clock menu more-arrow no yes

Filed under:

These MLB starting pitchers were toughest to square up in 2015

These pitchers limited hard contact most often.

Jerry Lai-USA TODAY Sports

Last season, ESPN stat guru Mark Simon popularized a statistic called hard hit rate, which is the % of a player's at bats that end in a hard hit ball. Hard hit balls are subjectively classified by video trackers as batted balls that appear to have high exit velocities, strong trajectory and contact on the sweet spot of the barrel. This is a different stat than the new FanGraphs hard%, which uses a percentage of balls in play rather than a percentage of at bats. It is also classified by different video trackers.

The more often a hitter generates a hard hit ball, the more likely strong offensive production occurs. The batting average on hard hit balls is over .700. Approximately 100% of home runs, 80% of triples and 70% of doubles are hard hit, while only 30% of singles are hard hit. For pitchers, limiting hard contact is a way to make run scoring less likely.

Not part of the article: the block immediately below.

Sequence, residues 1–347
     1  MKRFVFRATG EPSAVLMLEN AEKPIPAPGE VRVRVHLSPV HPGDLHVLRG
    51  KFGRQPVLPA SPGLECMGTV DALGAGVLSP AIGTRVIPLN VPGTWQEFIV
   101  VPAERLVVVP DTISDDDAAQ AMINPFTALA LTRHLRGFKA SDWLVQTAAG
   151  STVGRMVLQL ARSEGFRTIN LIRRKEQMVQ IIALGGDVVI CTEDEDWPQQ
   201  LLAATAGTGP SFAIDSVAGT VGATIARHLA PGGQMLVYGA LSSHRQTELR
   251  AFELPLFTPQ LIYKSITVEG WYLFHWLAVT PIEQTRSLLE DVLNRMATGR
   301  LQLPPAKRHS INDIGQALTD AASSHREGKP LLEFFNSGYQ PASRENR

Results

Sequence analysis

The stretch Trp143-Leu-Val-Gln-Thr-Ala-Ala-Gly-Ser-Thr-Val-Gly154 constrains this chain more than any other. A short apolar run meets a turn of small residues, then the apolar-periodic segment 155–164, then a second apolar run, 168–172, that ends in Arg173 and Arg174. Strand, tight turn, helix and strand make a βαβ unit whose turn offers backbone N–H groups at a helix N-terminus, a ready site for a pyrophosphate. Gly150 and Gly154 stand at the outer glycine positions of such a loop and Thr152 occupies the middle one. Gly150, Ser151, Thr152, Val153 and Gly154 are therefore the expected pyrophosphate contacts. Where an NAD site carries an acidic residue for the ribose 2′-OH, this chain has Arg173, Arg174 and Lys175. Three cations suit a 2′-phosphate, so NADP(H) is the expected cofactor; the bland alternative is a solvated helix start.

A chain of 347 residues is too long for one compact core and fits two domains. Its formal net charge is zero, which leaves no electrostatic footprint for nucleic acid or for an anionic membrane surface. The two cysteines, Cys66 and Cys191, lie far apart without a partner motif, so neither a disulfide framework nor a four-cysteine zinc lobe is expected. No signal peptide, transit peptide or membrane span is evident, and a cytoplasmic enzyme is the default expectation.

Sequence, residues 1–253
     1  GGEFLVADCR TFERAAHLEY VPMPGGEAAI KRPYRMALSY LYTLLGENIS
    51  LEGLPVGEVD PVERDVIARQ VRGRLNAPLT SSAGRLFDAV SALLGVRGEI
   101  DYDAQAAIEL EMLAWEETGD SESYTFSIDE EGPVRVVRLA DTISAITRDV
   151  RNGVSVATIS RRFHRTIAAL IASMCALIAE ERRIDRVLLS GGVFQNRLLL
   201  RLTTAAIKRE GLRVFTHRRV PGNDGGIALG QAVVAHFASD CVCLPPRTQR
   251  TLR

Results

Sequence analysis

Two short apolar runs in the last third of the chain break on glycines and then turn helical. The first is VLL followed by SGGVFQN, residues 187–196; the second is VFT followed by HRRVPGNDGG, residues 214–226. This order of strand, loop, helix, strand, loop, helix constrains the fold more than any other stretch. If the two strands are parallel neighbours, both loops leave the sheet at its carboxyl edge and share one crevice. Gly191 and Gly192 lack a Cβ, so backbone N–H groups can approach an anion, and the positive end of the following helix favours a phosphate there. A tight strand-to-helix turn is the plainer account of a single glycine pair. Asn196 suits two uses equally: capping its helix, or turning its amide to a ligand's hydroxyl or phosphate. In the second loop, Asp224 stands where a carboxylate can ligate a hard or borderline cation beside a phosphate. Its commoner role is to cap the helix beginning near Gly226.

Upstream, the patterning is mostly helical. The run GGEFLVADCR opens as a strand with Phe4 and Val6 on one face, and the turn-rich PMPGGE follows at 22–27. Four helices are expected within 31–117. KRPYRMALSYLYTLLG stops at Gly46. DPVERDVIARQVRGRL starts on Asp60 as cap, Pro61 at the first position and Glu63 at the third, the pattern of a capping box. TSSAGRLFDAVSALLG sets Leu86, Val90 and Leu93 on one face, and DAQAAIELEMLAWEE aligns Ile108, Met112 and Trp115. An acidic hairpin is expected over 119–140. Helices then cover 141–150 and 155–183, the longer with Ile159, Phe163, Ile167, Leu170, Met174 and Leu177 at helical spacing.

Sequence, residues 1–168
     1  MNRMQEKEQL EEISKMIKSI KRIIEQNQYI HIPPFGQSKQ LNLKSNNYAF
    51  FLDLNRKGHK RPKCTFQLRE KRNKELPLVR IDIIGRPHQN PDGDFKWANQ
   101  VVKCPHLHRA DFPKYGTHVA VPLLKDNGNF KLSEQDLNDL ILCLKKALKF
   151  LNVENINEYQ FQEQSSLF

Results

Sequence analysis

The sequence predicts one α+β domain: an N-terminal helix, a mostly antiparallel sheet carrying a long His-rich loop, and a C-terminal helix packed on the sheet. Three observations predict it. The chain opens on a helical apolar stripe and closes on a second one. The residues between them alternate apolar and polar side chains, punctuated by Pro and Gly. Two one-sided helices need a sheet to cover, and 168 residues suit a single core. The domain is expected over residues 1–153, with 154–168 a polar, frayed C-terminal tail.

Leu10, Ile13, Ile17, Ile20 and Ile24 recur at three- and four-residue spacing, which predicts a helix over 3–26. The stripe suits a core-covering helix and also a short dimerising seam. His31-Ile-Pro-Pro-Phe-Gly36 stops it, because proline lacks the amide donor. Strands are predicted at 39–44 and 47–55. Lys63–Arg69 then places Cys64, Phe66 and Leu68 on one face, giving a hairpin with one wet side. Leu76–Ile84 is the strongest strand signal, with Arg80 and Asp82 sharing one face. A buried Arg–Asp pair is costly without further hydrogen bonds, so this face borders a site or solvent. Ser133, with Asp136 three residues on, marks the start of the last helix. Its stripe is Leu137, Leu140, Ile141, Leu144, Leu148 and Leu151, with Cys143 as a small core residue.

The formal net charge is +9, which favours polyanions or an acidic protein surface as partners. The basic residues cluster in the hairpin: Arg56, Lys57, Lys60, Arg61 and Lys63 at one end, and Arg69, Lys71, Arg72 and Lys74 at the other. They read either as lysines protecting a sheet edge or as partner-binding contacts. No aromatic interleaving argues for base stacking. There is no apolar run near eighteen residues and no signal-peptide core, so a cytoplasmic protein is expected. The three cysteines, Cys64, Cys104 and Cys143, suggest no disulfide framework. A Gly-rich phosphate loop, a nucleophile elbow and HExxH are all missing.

League average on this stat is about 15%.

These starting pitchers were toughest to square up in 2015 (min. 1500 pitches):

1. Jake Arrieta, 8.5%

2. Tyson Ross, 8.7%

3. Clayton Kershaw, 8.8%

4. Chris Sale, 9.1%

5. Brett Anderson, 9.6%

6. Dallas Keuchel, 9.6%

7. Sonny Gray, 9.8%

8. Noah Syndergaard, 9.8%

9. Jacob deGrom, 10.1%

10. Matt Harvey, 10.2%

11. Cole Hamels, 10.4%

12. Francisco Liriano, 10.5%

13. Ubaldo Jimenez, 10.6%

14. Gerrit Cole, 10.7%

15. Gio Gonzalez, 10.7%

16. Shelby Miller, 10.8%

17. Stephen Strasburg, 10.9%

18. Mike Bolsinger, 11.1%

19. Felix Hernandez, 11.1%

20. Jon Lester, 11.1%

21. Jaime Garcia, 11.3%

22. David Price, 11.4%

23. Johnny Cueto, 11.5%

24. Hisashi Iwakuma, 11.5%

25. Mike Pelfrey, 11.5%

26. Eduardo Rodriguez, 11.5%

27. Justin Verlander, 11.6%

28. Carlos Carrasco, 11.7%

29. Garrett Richards, 11.7%

30. Zack Greinke, 11.8%